We all know how much Clapton loves the Fender Stratocaster, so it’s no shock whatsoever that he is the one rocking the Strat on the Layla sessions. But Allman had a varied setup as far as guitars and equipment, so it’s cool to know that he once confirmed it’s him playing all the Gibson guitars, which to trained ears have a distinctly different sound.

    Both Clapton and Allman played slide guitar on the record, so how do you tell the difference? Allman himself described it as such in a Guitar World retrospective from 1981: “The Fender is a little bit thinner and brighter, a sparkling sound, while the Gibson is just a full-tilt screech.”

    Allman mostly played his signature slide guitar on Layla, and his solo at the end of “Key to the Highway” is arguably the pinnacle of it. You could argue the same about the sounds at the end of the title track – would “Layla” be the same without Allman’s contributions?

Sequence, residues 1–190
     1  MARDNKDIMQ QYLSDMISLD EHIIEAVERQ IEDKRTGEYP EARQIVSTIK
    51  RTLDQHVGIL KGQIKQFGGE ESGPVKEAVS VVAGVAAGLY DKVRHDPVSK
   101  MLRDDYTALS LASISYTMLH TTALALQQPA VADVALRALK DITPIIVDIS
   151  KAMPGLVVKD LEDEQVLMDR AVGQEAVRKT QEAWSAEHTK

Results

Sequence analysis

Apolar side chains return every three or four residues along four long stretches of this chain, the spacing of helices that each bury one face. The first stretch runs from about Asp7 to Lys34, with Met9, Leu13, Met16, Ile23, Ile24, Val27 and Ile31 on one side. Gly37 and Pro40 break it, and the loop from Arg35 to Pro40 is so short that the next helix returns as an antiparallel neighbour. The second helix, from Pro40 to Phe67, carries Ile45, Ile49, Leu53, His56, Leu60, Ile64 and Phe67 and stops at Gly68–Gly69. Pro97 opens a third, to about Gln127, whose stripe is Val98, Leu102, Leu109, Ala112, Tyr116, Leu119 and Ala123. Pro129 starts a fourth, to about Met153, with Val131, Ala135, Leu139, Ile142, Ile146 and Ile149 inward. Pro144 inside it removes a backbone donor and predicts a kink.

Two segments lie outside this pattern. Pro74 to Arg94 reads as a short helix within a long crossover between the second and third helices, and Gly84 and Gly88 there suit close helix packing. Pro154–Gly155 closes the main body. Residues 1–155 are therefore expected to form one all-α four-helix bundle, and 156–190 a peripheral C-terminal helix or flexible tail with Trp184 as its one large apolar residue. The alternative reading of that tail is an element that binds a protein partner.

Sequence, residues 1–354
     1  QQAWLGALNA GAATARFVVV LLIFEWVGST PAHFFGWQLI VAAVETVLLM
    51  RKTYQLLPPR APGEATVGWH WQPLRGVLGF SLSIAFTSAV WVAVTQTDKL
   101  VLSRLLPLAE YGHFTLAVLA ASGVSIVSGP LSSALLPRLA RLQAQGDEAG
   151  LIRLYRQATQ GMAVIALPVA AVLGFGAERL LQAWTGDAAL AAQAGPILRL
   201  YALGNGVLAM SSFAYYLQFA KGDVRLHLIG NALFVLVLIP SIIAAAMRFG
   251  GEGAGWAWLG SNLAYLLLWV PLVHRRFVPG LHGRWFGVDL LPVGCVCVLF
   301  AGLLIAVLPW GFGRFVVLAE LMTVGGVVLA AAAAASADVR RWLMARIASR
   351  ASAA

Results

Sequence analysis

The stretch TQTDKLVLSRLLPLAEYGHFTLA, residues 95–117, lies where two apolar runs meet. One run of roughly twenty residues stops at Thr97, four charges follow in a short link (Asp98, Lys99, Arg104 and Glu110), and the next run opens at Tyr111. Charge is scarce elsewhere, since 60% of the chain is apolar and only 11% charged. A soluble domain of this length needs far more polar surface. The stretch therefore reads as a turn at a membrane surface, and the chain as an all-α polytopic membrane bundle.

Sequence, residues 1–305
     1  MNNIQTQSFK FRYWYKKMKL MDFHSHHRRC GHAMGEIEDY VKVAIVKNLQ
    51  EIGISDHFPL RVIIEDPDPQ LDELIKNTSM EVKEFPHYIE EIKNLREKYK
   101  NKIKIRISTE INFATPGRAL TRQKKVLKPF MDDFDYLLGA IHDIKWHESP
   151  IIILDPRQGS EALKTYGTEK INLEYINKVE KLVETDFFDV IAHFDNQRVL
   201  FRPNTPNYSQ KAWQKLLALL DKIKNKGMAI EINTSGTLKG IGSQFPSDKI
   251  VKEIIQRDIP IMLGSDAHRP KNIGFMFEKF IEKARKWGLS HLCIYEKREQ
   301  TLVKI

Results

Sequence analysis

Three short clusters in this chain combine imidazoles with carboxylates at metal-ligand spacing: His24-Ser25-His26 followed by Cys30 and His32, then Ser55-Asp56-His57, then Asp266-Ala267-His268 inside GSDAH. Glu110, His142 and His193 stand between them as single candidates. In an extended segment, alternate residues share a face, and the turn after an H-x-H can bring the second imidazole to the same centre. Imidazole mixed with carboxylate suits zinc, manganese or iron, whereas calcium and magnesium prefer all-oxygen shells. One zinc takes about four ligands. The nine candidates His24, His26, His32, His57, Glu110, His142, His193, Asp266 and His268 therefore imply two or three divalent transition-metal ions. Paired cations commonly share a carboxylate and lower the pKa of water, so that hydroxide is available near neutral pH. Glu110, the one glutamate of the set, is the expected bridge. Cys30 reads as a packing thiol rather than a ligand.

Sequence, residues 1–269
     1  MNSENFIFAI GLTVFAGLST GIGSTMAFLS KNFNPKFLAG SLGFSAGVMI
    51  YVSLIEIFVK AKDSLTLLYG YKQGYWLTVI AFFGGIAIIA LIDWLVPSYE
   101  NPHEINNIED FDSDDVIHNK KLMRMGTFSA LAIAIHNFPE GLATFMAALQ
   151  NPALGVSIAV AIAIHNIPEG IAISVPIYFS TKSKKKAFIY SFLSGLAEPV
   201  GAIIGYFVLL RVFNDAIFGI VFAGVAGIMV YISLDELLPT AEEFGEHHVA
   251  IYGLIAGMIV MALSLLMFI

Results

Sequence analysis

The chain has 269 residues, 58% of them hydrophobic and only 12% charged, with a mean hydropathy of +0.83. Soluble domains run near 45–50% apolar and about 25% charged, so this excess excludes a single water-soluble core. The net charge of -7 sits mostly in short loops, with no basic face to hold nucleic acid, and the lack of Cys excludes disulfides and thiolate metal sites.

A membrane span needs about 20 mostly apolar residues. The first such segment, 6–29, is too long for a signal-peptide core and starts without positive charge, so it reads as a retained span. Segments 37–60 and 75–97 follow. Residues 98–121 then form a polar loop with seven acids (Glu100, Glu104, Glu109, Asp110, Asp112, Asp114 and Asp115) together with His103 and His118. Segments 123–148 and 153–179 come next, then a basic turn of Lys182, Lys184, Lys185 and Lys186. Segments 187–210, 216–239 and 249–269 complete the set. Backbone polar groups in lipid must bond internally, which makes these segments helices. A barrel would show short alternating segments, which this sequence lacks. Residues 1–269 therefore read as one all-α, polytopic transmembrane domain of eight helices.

3. Allman’s work on Layla got Clapton into electric slide guitar

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    Clapton mainly played an acoustic guitar in the rate occasions he played with a slide, but Allman’s work with him on the Layla sessions made him want to try electric. This was mostly because of how innovative his playing was.

    “There were very few people playing electric slide that were doing anything new; it was just the Elmore James licks, and everyone knows those,” he said of Allman. “No one was opening it up until Duane showed up and played in a completely different way. That sort of made me think about taking it up.”

    Clapton called Allman “the musical brother I’d never had, but wished I did” in his autobiography. Just imagine what Allman and Clapton may have accomplished had we not lost Allman so tragically early.